25 Years of Pride: My Journey as a Gay Reform Jew
As the site of this year’s 25th Annual Long Island Gay Pride Parade and Festival, Huntington, Long Island, was a bright, sunny, and joyful place on Saturday June 13th. My husband, Herb, and I led a 50-person Reform Jewish contingent in the parade, joined behind a Union for Reform Judaism banner by members of Temple Sinai in Roslyn, Temple Avodah in Oceanside, Temple Beth El in Huntington, and Temple Beth-El of Great Neck.
Complementing our presence in the parade was a beautiful, full-page color advertisement in The Pride Guide, whose signatories included 21 of Long Island’s 26 Reform congregations, as well as the National Association for Temple Administration, the North American Federation of Temple Youth, and the Women of Reform Judaism, all of whom unequivocally support the message that everyone can find a welcoming home in one of our synagogues. Indeed, Reform Judaism embraces all!
Herb and I have been participating in the Long Island Gay Pride Parade since 1990 (oy, that makes us sound so old!), and even as we have aged, the marches have aged, too. Their aging, though, has more to do with changing times and society’s response to gay rights than with participants’ aging or lack of health and strength.
The first time I marched in the street for gay rights was in 1971, when an impromptu protest developed not far from where I worked near Sheridan Square in New York City. The location was across from the Stonewall Inn, a bar in Greenwich Village where, not quite two years earlier, a series of riots marked a turning point in the fight for civil rights for those in the LGBT community.
As a lifelong Reform Jew, I had learned to be an activist through involvement in my temple’s youth group and regional youth events and activities. When Herb and I joined Temple Beth-El of Great Neck in 1978, I agitated for equality for gays and lesbians. When we attended our first URJ Biennial convention in 1987, I participated on a panel as a representative of gay Jews in mainstream congregations, helping to present a resolution that called for congregations to welcome and support lesbian and gay Jews in all aspects of Jewish life. The resolution was overwhelmingly adopted.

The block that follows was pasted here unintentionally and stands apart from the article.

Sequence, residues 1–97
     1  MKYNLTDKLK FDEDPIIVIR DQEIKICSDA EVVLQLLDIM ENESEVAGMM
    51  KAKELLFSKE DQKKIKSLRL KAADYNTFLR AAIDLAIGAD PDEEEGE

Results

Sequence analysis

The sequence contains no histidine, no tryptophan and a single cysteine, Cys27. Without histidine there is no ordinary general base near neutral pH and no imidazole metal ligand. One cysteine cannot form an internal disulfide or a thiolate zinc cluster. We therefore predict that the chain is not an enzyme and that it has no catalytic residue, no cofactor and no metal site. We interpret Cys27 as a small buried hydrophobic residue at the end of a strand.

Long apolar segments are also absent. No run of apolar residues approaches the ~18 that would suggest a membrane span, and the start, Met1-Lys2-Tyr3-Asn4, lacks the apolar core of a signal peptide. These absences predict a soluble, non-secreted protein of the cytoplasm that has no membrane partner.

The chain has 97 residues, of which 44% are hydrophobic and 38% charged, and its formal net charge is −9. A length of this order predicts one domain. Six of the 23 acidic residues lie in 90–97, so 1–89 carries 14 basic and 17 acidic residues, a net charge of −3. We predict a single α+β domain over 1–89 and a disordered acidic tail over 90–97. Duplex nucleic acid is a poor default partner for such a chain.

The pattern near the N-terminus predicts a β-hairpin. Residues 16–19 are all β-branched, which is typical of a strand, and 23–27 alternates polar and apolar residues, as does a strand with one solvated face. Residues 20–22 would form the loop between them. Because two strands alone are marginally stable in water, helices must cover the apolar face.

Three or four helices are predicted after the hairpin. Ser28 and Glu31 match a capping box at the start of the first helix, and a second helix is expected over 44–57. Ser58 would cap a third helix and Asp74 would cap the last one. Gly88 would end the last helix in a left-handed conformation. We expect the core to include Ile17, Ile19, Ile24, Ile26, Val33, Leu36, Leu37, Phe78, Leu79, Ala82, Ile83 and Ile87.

In 1990, I was appointed chair of the New York Federation of Reform Jews Gay and Lesbian Resource Committee, and that same year, we marched down the streets of Manhattan behind the Reform Movement’s banner, marking the first appearance of mainstream Jews as a group in New York City’s gay pride parade. At that time, there were no laws protecting us, there were no rights for us as citizens, and as a result, the attitude of the parade was “in your face” activism. Despite the parade’s colorful, outrageous costumes and loud music, we were more militant than today. Subsequently, when the Reform Movement organized its Gay and Lesbian Committee, I was honored to co-chair it with Rabbi Julie Spitzer, z”l.
The Long Island Gay Pride Parade reflects these changes, as well. In 2004, Herb and I were honored to be named grand marshals in recognition of both our work in the Jewish community and our Long Island activism. Although we may have been slowed down a bit by age, our devotion to LGBT issues and to the Reform Jewish Movement have not diminished at all. Last Saturday’s mood around the parade was heavy with anticipation, reflecting the ongoing wait for the Supreme Court decision about our constitutional right to marry. It certainly was different than other years, most notably 2013, when Edie Windsor (also Jewish!) served as grand marshal after her heroic and successful effort to gut the so-called Defense of Marriage Act.
Indeed, the world has changed in unimagined ways in the last 25 years. Herb and I have been a mainstream Reform Jewish family since the Union for Reform Judaism’s 1989 resolution recognizing us as such. We have been married four times (to each other), and our marriage is legal in 37 states and the District of Columbia, as well as in Ireland, Argentina, and Spain. Texas and a dozen other American states remain a challenge, but each of these annual marches has helped us and countless other LGBT people to be recognized both as full citizens within society and as observant Reform Jews. They have strengthened our humanity and our self-esteem immeasurably, and for that, we are grateful.
John E. Hirsch, Ph.D. has been a longtime, active member of Temple Beth-El of Great Neck, N.Y. He also served as a Union for Reform Judaism trustee, contributing to the work of numerous committees in an effort to push LGBT issues to the forefront of the Reform Movement.